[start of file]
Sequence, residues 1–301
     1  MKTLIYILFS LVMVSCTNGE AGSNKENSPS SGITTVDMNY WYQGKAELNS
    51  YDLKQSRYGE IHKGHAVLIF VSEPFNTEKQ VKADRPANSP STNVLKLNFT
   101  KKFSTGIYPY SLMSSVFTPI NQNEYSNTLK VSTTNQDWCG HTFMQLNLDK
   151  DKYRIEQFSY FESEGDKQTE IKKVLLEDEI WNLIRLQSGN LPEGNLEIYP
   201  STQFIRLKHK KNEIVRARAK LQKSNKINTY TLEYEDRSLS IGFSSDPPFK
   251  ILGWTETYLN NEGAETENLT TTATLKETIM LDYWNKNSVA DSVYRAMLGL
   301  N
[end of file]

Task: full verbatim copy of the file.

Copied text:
Sequence, residues 1–301
     1  MKTLIYILFS LVMVSCTNGE AGSNKENSPS SGITTVDMNY WYQGKAELNS
    51  YDLKQSRYGE IHKGHAVLIF VSEPFNTEKQ VKADRPANSP STNVLKLNFT
   101  KKFSTGIYPY SLMSSVFTPI NQNEYSNTLK VSTTNQDWCG HTFMQLNLDK
   151  DKYRIEQFSY FESEGDKQTE IKKVLLEDEI WNLIRLQSGN LPEGNLEIYP
   201  STQFIRLKHK KNEIVRARAK LQKSNKINTY TLEYEDRSLS IGFSSDPPFK
   251  ILGWTETYLN NEGAETENLT TTATLKETIM LDYWNKNSVA DSVYRAMLGL
   301  N